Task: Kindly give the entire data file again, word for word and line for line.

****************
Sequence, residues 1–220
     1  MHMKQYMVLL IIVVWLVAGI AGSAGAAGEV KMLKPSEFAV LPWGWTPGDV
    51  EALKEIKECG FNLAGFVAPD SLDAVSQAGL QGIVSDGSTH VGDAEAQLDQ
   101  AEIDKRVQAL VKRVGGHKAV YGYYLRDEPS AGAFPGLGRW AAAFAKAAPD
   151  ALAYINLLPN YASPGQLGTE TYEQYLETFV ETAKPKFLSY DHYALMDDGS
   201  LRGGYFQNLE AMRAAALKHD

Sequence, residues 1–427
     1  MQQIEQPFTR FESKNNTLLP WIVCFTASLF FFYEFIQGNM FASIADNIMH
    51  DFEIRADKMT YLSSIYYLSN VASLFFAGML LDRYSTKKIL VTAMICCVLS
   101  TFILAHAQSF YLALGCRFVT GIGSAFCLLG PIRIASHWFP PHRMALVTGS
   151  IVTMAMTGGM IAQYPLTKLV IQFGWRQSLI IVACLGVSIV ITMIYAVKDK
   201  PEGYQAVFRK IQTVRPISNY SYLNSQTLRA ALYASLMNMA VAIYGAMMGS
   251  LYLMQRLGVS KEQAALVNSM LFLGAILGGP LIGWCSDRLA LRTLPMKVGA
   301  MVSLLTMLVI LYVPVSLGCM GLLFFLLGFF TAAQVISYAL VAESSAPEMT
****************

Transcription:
Sequence, residues 1–220
     1  MHMKQYMVLL IIVVWLVAGI AGSAGAAGEV KMLKPSEFAV LPWGWTPGDV
    51  EALKEIKECG FNLAGFVAPD SLDAVSQAGL QGIVSDGSTH VGDAEAQLDQ
   101  AEIDKRVQAL VKRVGGHKAV YGYYLRDEPS AGAFPGLGRW AAAFAKAAPD
   151  ALAYINLLPN YASPGQLGTE TYEQYLETFV ETAKPKFLSY DHYALMDDGS
   201  LRGGYFQNLE AMRAAALKHD

Sequence, residues 1–427
     1  MQQIEQPFTR FESKNNTLLP WIVCFTASLF FFYEFIQGNM FASIADNIMH
    51  DFEIRADKMT YLSSIYYLSN VASLFFAGML LDRYSTKKIL VTAMICCVLS
   101  TFILAHAQSF YLALGCRFVT GIGSAFCLLG PIRIASHWFP PHRMALVTGS
   151  IVTMAMTGGM IAQYPLTKLV IQFGWRQSLI IVACLGVSIV ITMIYAVKDK
   201  PEGYQAVFRK IQTVRPISNY SYLNSQTLRA ALYASLMNMA VAIYGAMMGS
   251  LYLMQRLGVS KEQAALVNSM LFLGAILGGP LIGWCSDRLA LRTLPMKVGA
   301  MVSLLTMLVI LYVPVSLGCM GLLFFLLGFF TAAQVISYAL VAESSAPEMT